The Nigerian Liquefied Natural Gas Company Limited (NLNG) has denied responsibility for the recent price hike in the country’s cooking gas.
In a statement, NLNG’s General Manager, External Relations, Andy Odeh, described media reports insinuating that the company had increased its prices as “speculative and indicative of a fundamental misunderstanding of Nigeria’s intricate market dynamics.”
Odeh explained that the price of cooking gas in the domestic market depends on several factors, including the forces of supply and demand and external factors, such as changes in exchange rates and the skyrocketing price benchmarks linked to crude oil prices.
He also pointed to the Panama Canal drought-induced vessel scarcity, which has recently affected energy prices and has cost implications for imported LPG.
Odeh added that NLNG has remained committed to delivering domestic LPG to locations as close to the market as possible by diversifying delivery points starting with Lagos in 2023, fostering competition among terminal owners and ultimately reducing consumer supply chain costs.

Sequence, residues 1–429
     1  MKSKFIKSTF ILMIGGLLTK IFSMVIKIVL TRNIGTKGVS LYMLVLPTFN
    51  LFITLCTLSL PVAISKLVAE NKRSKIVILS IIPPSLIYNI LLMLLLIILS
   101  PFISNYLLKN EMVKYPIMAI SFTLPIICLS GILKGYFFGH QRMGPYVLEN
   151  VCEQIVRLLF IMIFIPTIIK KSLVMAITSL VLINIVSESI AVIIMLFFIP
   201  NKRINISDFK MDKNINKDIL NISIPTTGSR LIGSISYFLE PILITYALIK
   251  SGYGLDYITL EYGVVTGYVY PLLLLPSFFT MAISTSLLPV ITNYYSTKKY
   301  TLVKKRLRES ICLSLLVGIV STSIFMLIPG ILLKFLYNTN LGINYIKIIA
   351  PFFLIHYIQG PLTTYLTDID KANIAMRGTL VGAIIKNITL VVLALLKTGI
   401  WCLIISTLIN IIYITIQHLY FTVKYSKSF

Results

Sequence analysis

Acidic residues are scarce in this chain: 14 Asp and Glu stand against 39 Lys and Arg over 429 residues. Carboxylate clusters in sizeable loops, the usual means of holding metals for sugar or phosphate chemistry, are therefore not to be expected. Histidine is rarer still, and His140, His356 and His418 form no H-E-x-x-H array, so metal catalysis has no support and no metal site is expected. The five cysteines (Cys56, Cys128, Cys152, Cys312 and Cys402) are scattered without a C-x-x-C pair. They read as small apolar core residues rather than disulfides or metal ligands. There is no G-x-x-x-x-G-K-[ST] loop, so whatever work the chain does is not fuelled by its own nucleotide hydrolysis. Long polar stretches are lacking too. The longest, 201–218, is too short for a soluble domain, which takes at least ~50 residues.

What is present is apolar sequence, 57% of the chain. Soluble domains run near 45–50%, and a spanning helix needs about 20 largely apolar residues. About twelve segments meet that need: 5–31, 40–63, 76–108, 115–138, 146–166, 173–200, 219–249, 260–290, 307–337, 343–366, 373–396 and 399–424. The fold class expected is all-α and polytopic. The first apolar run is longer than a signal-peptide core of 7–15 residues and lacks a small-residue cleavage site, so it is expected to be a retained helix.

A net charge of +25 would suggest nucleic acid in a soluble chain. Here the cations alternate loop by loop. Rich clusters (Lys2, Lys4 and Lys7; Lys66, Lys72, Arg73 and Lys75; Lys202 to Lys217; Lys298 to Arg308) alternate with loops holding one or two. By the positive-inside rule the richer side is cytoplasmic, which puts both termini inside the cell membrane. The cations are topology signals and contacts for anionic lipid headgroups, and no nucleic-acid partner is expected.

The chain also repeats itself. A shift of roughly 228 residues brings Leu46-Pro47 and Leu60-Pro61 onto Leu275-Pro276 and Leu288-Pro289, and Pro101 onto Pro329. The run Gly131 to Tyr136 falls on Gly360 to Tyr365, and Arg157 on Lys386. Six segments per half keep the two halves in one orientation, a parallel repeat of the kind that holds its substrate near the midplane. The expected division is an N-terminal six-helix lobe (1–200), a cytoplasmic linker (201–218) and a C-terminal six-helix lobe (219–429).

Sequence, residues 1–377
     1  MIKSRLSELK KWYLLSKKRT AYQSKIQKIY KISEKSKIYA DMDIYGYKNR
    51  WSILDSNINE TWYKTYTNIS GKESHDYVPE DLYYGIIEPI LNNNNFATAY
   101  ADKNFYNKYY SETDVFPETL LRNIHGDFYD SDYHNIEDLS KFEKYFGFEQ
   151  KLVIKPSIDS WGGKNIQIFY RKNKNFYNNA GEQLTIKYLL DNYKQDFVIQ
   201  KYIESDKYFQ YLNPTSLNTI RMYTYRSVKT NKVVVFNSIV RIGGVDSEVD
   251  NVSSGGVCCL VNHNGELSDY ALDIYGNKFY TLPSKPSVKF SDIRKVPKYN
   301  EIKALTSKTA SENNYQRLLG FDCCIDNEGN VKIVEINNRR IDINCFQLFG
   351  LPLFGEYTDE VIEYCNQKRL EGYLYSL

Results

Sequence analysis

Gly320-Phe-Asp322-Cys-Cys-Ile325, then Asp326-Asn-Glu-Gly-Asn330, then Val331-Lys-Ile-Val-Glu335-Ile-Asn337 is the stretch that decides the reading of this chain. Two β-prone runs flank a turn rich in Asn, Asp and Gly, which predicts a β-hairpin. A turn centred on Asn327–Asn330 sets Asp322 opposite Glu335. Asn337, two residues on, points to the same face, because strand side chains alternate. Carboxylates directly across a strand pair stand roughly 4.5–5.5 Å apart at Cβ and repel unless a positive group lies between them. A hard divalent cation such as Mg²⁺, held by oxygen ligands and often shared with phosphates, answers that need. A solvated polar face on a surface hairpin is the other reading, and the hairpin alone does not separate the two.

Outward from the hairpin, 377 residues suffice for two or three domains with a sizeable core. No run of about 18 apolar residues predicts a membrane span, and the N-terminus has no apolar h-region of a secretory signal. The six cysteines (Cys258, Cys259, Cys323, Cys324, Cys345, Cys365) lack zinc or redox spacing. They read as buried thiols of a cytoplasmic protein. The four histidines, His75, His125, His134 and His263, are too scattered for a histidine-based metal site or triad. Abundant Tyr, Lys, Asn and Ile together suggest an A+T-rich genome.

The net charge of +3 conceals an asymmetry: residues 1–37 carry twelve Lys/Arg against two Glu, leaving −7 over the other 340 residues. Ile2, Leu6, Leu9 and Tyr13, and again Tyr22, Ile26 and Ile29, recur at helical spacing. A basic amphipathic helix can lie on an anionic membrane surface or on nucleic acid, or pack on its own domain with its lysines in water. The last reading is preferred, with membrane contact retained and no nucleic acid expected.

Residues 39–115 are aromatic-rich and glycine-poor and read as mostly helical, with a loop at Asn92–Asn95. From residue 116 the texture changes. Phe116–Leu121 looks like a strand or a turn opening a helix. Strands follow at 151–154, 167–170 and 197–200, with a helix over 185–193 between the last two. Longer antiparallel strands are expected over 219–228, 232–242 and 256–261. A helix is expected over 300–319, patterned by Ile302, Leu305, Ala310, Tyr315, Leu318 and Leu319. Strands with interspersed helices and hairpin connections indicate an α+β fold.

NLNG also promised to collaborate with relevant industry stakeholders to ensure the reliable supply of its LPG production to the domestic market at prices that reflect the market.
Analysts: Other factors at play
Analysts have said that several other factors may be contributing to the high price of cooking gas in Nigeria, including:
Increased demand: As the Nigerian economy grows, so too does the demand for cooking gas.
Infrastructure constraints: Nigeria’s LPG infrastructure is still underdeveloped, which can make it difficult and expensive to transport and distribute the product.
Government policies: Some government policies, such as import duties and taxes, may also be contributing to the high price of cooking gas.